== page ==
Here’s van den Hurk’s must-read list:

1. Now Revolution: 7 Shifts to Make Your Business Faster, Smarter, and More Social by Jay Baer and Amber Naslund.

2. PR 2.0 by Deirdre Breakenridge.

3. Social Marketing to the Business Customer by Paul Gillin and Eric Schwartzman.

4. Social Media ROI by Olivier Blanchard.

5. Welcome to the Fifth Estate: How to Create and Sustain a Winning Social Media Strategy by Geoff Livingston. (Click here to read an excerpt of this book.)

 

By Kevin Allen @ PR Daily

 
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Posted by on July 31, 2011 in PR & Marketing

 

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7 signs you suffer from social media burnout

Has social media taken over your life?

Do you live to engage with your social media tribe? If so, you may be suffering from social media burnout.

Social media burnout is when an individual becomes so engrossed in social media engagement that it interferes with his real world and personal and business activities, leaving him emotionally exhausted. Instead of energizing the participant, it drains him.

Before you can do anything to mitigate the negative effects of social media burnout, you must acknowledge that it has become a major driving force in your life. Understand, however, that I’m not advocating 12-step program declarations or abandoning social media cold turkey.

Instead, your goal should be to integrate social media into your life as a positive force. It should support your business and personal objectives while providing you with time to unplug, connect with your family and friends in real life, follow your personal passions, and recharge the old-fashioned way.

Social media burnout checklist

To help you assess whether you’re approaching social media burnout, here’s a list of seven questions to ask yourself:

1. Do you spend 10 hours or more per day engaged on various social media platforms?Before you rush to say no, consider the amount of time you’re doing something else but are just waiting for your next social media update.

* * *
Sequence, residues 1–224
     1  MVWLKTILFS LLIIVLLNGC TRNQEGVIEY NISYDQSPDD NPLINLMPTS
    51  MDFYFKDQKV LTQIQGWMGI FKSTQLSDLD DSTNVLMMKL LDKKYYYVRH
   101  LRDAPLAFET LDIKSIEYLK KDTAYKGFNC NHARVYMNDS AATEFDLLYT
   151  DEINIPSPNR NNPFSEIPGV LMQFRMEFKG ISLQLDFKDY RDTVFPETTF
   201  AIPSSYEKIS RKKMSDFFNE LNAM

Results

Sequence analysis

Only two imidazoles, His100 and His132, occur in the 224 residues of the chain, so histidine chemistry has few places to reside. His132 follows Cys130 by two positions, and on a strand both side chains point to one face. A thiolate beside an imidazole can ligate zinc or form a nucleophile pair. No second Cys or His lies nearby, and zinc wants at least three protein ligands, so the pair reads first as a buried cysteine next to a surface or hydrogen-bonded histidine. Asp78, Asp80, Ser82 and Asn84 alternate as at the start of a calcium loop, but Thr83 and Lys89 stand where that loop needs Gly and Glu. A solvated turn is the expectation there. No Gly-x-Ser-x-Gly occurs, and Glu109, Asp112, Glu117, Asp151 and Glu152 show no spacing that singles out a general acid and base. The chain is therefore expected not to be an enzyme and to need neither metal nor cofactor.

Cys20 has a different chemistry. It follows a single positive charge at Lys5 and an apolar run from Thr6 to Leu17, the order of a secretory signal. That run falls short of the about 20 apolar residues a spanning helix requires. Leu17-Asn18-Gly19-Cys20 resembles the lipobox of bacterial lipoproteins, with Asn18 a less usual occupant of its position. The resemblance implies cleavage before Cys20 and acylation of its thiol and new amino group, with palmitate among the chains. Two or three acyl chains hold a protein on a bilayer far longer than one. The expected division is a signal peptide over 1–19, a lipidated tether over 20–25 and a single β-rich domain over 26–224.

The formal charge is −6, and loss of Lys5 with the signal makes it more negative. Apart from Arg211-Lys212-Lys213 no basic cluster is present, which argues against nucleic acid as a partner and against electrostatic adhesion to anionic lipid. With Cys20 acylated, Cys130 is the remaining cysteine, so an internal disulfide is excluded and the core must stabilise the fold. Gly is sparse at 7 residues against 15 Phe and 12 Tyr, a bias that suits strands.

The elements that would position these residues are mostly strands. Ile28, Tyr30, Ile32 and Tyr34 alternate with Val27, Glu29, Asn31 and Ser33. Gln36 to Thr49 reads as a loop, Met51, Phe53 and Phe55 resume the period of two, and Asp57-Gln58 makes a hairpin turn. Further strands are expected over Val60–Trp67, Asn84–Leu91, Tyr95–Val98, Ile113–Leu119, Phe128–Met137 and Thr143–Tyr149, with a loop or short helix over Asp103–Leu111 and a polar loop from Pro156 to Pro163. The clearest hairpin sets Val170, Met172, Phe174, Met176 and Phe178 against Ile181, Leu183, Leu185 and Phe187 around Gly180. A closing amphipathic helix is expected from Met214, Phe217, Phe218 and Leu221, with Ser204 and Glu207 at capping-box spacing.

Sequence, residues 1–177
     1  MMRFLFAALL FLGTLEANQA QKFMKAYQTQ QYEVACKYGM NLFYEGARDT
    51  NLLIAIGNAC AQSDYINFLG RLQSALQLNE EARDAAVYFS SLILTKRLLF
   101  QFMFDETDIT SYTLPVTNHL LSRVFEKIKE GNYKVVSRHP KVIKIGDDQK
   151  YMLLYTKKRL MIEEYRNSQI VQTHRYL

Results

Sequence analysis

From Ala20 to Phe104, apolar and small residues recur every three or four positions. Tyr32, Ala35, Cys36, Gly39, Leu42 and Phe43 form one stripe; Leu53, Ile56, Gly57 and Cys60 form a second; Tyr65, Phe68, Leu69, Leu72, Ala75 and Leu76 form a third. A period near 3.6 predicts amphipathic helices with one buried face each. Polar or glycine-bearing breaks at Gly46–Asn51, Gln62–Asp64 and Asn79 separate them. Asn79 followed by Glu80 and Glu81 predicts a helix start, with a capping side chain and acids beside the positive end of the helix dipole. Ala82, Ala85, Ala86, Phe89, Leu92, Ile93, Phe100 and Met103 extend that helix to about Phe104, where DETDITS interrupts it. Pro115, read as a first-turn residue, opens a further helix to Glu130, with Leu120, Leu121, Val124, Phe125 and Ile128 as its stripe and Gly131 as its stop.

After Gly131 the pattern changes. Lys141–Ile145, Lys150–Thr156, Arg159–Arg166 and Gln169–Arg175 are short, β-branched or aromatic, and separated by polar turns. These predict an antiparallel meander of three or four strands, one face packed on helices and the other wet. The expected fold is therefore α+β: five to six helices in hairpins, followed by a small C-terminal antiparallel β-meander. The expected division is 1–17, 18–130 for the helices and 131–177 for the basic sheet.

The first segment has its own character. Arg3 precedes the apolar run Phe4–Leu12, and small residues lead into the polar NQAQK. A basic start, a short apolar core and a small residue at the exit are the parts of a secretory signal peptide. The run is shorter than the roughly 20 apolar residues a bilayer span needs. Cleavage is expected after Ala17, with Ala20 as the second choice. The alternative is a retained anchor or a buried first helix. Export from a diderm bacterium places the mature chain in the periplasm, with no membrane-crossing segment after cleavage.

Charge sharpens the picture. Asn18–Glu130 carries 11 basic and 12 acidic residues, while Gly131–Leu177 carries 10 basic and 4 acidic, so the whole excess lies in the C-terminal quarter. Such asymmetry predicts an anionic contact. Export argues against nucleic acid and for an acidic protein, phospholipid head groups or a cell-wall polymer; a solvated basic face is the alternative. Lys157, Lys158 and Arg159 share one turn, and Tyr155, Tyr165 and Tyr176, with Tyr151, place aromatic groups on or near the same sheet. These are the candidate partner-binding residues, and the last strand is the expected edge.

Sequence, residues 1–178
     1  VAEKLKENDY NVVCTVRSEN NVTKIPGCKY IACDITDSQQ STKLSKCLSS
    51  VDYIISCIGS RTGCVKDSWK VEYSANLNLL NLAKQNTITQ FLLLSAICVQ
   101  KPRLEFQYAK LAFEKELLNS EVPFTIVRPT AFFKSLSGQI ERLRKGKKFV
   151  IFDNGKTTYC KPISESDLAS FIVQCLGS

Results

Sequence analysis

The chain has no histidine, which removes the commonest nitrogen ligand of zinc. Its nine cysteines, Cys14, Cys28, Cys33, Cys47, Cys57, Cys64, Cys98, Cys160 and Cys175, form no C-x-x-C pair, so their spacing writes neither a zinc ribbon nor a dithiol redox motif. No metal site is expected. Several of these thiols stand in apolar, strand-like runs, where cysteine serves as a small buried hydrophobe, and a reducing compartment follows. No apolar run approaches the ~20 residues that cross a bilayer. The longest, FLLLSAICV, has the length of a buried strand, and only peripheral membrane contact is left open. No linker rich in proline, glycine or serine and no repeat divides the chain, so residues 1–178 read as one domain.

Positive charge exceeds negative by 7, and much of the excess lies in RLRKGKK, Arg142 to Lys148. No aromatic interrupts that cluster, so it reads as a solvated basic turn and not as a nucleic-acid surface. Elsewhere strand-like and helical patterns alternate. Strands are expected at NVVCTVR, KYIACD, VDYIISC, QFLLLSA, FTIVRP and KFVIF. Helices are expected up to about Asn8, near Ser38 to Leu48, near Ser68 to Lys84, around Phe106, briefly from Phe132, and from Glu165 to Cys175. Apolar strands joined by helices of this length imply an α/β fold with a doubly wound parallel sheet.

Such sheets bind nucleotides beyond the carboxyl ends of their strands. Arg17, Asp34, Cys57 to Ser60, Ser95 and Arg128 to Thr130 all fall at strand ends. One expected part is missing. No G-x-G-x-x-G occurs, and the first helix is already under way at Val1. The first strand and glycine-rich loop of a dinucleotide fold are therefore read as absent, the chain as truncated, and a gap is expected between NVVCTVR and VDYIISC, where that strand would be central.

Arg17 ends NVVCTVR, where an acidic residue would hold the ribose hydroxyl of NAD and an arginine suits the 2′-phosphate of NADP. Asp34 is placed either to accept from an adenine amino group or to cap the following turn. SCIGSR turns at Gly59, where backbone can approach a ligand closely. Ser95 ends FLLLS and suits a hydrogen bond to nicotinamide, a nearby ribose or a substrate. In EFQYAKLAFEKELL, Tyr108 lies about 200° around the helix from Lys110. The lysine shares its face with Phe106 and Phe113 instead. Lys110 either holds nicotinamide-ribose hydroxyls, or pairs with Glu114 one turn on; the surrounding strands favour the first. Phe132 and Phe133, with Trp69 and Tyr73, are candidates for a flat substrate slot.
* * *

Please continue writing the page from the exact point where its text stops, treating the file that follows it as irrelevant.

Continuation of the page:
2. Are your social media circles the first place you turn to for advice, either personal or professional? Although social media platforms are useful for sourcing information—especially in cases where the wisdom of crowds makes a difference, like ratings and reviews—it can’t effectively give you feedback for your special needs.

3. Do you feel closer to your social media tribe than to your real life family and friends?Don’t get me wrong—social media platforms are a great way to expand your personal and professional networks. These relationships can bloom into meaningful, real-life connections.#UsGuys is a great example of how social media supports and creates positive real-life relationships. The heart of this question is: Do you know and care more about your social media circles than you do about your real-life family and friends?

4. Do you find that face-to-face meetings and encounters interfere with your social media interactions? Do you spend a good portion of the meeting using your smartphone under the table? Do you miss what other people say in meetings because it’s not on one of your screens? Are you impatient for your dinner partner to use the restroom so you can check in on your social media status?

5. Do you find social media cuts into your sleep time? Do your social media conversations continue into the wee hours? Do you need to send one last tweet before you turn in for the night, regardless of how late it is?

6. Do you suffer from physical ailments attributable to computer, tablet or smartphone use?Some of the symptoms are:

  • Being out of shape because you’re planted behind your computer all day
  • Fingers that continually hurt from typing messages into your smartphone
  • Skin that is pasty white from your computer’s glow
  • Carpal tunnel syndrome from overworking your mouse